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Buildings 2013, 3(2), 357-379;

The Undisciplined Drawing

The Bartlett School of Architecture, Faculty of the Built Environment, University College London, Gower Street, London WC1E 6BT, UK
Received: 2 March 2013 / Revised: 10 April 2013 / Accepted: 12 April 2013 / Published: 15 May 2013
(This article belongs to the Special Issue Representation in Architecture)
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If, as I have argued elsewhere, architecture and archaeology share homological correspondences of common origin thus enabling analogical relationships of creative juxtaposition, then it becomes possible to characterise those correspondences through their representational drawing practices as they are embodied in the products of those practices and in the instruments which make those products. This characterisation is the subject of this paper, first by examining architecture and archaeology as disciplined suites of practices nurtured and developed within the constraints of their parent profession, and then through the examination of particular drawing techniques and instruments—techniques and instruments either common to each discipline or abandoned by them. These commonalities and abandonments reveal their undisciplinary nature. This loosening of disciplinary constraint is further examined through the analysis of “undisciplined drawing” case studies. View Full-Text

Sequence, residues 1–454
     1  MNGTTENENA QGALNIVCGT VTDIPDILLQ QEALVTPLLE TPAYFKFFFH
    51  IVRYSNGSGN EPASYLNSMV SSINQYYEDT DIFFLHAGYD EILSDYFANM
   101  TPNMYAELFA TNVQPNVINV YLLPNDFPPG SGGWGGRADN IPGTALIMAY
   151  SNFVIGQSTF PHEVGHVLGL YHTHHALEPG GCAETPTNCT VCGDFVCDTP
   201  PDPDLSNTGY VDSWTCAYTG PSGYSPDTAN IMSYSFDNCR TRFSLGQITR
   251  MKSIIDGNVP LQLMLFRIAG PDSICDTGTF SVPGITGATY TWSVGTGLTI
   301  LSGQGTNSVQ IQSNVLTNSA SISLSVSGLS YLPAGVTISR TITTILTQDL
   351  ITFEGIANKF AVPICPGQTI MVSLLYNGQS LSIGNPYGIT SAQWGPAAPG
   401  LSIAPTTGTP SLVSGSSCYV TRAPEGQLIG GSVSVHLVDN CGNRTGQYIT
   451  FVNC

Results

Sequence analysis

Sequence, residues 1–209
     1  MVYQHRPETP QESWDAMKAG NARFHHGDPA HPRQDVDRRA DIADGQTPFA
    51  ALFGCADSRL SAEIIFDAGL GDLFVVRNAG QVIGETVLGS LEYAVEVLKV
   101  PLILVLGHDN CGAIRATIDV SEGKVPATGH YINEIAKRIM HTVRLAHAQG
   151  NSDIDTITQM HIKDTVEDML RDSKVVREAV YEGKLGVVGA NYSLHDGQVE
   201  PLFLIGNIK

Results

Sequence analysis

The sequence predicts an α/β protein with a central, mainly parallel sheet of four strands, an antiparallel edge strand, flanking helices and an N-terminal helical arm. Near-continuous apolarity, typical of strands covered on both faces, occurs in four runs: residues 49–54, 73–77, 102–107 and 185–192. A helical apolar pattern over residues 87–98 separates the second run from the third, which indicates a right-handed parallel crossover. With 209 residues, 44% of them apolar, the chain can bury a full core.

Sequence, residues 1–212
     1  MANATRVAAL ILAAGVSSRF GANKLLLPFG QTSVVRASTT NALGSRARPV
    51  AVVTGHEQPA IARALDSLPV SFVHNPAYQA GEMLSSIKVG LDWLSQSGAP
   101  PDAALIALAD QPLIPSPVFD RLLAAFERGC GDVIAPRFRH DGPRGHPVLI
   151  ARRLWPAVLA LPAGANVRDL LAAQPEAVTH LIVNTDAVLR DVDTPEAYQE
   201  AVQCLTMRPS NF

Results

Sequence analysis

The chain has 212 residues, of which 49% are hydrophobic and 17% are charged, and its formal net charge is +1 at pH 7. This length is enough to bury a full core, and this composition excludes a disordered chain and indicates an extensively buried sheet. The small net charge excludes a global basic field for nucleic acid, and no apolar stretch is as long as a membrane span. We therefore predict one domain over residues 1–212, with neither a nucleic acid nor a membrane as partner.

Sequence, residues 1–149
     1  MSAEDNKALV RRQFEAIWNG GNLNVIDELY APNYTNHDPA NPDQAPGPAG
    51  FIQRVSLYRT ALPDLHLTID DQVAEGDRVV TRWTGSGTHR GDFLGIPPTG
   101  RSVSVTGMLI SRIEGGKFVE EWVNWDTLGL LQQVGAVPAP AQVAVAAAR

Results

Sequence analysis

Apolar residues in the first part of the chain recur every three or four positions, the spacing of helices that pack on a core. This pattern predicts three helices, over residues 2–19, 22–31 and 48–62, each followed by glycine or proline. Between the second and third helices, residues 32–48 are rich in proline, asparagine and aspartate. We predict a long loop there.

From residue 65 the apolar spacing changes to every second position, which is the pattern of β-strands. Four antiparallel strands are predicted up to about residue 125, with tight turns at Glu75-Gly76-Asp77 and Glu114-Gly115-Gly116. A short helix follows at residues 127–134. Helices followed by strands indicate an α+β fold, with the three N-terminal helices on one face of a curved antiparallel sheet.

Keywords: architecture; archaeology; drawing; undisciplined; interdisciplinarity; reconstruction; design architecture; archaeology; drawing; undisciplined; interdisciplinarity; reconstruction; design

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This is an open access article distributed under the Creative Commons Attribution License (CC BY 3.0).

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Zambelli, A. The Undisciplined Drawing. Buildings 2013, 3, 357-379.

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